Laser slat cleaning techniques...
Laser slat cleaning techniques...
Looking after your laser cutter properly is the best way to maximize its efficiency and productivity. One task that every operator needs to stay on top of is slat maintenance, making sure slats are clear of the slag that is formed and accumulated each time the laser machine is used.
Keep reading to learn about the issues that excess slag can cause plus three steps you can take to keep it in check:
The Problems with Slag on Your Slats
Slag is an inevitable by-product of laser cutting. As the laser cuts through the sheet metal, it produces molten material (slag). When the laser moves on to a new cutting area, the slag cools and hardens on the laser cutter’s grated table (the slats) below.
If left unattended, built-up slag can cause a range of problems for operators:
Parts can be burnt, discolored, compromised, or ruined when residual metal from previous jobs comes into contact with them as it’s reheated by the laser.
Splatter can be kicked back against the laser cutter itself and damage the machine (or components like lenses).
Too much slag will prevent sheets from lying flat against the table, negatively impacting the quality of your parts.
Preventative maintenance and regular slat cleaning is the key to ensuring your laser cutter performs its best and produces high quality parts.
How to Keep Slag off Your Laser Cutter’s Slats
1. Anti-Spatter Agents
When applied to your laser cutter’s slats, an anti-spatter compound creates a barrier for molten residue and metal to adhere to (instead of solidifying on the grating itself). Most operators find they need to apply a fresh anti-spatter coating about once a week, though you might need to increase the frequency if your laser cutter is used over multiple shifts throughout the week.
The ideal anti-spatter agent is one that:
Is liquid based (not an aerosol) and can be easily applied using a sprayer.
Is non-toxic and water soluble, making it easy to remove and ensuring you won’t need to worry about creating any hazardous waste.
Won’t contaminate the weld seam.
In no way interferes with follow-up activities like galvanizing, priming, or painting.
Works on a variety of metals including steel, copper, and other hybrids.
Keep in mind that anti-spatter compounds won’t eliminate slag completely. Instead, they can help to extend the life of your slats and reduce the amount of time and effort that goes into cleaning them.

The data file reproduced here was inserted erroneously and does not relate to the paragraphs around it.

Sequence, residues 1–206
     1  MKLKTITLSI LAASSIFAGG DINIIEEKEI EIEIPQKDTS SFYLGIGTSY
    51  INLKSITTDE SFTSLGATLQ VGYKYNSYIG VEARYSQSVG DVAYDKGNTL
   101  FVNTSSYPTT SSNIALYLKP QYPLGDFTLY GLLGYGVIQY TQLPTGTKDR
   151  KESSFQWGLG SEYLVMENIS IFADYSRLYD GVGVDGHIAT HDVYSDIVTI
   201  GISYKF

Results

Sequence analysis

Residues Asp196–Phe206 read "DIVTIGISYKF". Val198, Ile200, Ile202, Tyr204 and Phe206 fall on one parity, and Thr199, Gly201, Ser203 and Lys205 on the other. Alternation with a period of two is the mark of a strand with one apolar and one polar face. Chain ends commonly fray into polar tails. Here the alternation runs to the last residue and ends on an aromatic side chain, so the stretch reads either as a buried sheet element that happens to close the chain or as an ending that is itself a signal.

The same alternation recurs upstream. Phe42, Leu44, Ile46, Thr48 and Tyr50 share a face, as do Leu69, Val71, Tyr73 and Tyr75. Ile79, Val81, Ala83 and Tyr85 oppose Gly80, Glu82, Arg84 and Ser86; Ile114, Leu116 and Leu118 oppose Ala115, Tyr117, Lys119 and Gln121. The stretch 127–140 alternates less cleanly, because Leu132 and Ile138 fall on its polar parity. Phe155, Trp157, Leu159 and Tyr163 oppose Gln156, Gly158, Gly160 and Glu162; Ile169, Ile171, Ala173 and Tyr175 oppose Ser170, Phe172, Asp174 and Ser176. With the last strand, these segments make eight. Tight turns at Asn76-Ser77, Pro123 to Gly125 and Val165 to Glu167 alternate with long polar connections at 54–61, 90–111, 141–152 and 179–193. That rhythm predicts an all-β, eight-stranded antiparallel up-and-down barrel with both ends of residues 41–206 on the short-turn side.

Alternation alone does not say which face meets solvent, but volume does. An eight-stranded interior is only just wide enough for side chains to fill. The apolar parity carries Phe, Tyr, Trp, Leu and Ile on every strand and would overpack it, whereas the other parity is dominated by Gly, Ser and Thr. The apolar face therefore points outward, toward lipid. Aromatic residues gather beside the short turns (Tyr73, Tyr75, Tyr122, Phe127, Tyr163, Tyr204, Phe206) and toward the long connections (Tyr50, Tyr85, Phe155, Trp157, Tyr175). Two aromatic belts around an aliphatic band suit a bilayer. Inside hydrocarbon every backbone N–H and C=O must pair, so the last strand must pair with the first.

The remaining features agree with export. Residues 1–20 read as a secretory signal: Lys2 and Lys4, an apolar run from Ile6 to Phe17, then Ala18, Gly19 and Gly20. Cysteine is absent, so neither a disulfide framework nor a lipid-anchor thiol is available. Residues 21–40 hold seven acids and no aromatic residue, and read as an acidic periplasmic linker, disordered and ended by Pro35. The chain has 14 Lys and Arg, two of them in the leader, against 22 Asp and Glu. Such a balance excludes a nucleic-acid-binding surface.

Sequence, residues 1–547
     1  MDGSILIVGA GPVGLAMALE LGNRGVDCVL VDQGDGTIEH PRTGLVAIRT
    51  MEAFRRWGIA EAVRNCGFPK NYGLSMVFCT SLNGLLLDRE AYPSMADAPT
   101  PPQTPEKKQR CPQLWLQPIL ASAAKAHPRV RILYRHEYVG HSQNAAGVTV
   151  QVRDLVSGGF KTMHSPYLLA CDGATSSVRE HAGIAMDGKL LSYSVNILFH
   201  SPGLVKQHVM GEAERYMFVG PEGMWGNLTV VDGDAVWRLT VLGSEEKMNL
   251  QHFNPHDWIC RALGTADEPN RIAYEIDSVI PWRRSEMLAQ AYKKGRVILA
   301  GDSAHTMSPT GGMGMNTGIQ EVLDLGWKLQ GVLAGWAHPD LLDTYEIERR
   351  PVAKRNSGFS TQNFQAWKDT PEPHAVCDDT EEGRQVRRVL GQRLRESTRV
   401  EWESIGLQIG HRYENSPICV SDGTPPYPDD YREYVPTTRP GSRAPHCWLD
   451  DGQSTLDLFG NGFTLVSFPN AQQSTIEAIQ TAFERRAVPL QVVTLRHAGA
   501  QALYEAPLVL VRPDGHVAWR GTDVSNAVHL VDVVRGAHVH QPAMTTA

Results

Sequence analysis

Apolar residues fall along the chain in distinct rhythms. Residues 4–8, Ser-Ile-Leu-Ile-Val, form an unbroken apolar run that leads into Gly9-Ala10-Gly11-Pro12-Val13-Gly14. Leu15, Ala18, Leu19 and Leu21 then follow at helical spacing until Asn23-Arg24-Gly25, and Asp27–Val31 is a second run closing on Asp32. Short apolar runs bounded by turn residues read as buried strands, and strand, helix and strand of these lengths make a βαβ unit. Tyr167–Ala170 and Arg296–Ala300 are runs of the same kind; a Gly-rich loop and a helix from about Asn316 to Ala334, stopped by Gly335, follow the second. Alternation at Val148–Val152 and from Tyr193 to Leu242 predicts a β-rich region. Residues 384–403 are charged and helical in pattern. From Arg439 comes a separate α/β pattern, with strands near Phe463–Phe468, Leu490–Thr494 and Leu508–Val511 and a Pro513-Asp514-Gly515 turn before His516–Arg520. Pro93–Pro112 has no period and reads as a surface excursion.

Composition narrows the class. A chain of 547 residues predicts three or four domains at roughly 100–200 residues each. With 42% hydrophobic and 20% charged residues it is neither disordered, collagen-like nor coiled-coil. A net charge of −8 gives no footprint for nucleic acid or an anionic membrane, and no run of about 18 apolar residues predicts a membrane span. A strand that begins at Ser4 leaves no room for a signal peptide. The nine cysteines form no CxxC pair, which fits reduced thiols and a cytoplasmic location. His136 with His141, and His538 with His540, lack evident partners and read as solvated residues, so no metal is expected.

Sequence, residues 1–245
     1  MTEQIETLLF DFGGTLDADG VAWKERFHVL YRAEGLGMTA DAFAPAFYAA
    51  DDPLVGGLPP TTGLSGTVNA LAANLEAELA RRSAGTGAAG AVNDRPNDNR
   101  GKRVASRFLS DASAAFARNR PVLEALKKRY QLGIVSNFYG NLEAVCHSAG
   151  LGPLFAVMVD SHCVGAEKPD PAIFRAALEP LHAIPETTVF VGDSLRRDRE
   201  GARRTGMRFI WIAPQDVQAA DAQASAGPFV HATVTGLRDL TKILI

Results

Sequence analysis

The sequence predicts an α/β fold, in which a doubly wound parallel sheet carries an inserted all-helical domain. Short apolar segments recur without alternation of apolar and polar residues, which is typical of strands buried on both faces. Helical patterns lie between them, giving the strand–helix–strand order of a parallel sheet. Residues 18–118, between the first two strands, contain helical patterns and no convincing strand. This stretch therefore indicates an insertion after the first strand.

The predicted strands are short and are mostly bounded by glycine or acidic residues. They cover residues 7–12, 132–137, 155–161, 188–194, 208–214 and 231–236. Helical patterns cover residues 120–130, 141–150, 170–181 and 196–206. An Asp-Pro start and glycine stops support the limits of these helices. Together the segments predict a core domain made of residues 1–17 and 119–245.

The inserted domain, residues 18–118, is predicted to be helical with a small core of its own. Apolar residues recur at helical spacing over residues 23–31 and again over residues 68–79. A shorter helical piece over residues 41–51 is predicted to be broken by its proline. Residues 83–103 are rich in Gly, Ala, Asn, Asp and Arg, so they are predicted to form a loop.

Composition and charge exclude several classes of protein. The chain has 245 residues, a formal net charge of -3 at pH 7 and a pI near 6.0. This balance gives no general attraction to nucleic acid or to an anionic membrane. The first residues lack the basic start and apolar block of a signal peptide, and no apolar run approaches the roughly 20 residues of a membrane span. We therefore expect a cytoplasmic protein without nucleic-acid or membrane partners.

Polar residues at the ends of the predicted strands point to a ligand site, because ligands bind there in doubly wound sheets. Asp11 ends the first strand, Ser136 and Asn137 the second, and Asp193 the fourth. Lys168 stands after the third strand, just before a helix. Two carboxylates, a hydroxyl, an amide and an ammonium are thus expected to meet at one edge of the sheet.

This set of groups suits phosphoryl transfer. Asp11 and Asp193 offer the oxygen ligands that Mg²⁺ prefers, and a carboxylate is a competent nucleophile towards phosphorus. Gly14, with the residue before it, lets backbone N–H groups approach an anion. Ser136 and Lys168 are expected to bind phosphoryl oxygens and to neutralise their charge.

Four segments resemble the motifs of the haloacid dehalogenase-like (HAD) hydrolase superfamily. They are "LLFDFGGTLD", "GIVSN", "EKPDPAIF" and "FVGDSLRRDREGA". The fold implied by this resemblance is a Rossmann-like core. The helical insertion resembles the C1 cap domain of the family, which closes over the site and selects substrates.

2. Electric Slag Removers
Electric slag removers make it possible to quickly and easily remove residual slag from your slats. The tools typically feature two serrated elements that move up and down and oscillate while sliding over the slats, enabling them to scrape hardened material off of both sides.
Depending on the design of your laser cutter, it is sometimes possible to clean your slats while the machine is in operation. This is especially the case for laser cutters with pallet changers.
3. Copper or Mixed-Metal Slats
Steel slats have long been the tradition for laser cutters. In recent years, however, more and more operators have been realizing the benefits that come with switching to copper slats.
Although copper slats are more expensive than steel, remember:
Because heat is distributed more evenly and quickly with copper, copper slats suffer less wear and tear than their steel counterparts.
Copper slats have a longer lifespan than steel slats (four to eight times greater). With the right upkeep, copper slats can last as long as two years before they need replacing.
You will still get slag buildup on copper slats, but it won’t accumulate as quickly and it’s easier to remove compared to steel.
When it is time to discard of your worn slats, copper scrap is worth significantly more than steel scrap metal (up to 10 times as much).
If you’re unsure about investing in copper slats, a mixed-metal (or hybrid) option can prove to be a suitable alternative. Mixed-metal slats are made by attaching copper tips to a steel underframe. This gives you the longevity of copper with a price tag that’s up to 30 percent lower. With regular maintenance, mixed-metal slats can last up to four times as long as steel.
Ultimately, combining the right maintenance program (using an anti-spatter agent and an electric slat cleaner) with copper or mixed-metal slats will mean higher quality parts, more manageable maintenance, and an extended life for the slats in your laser cutter.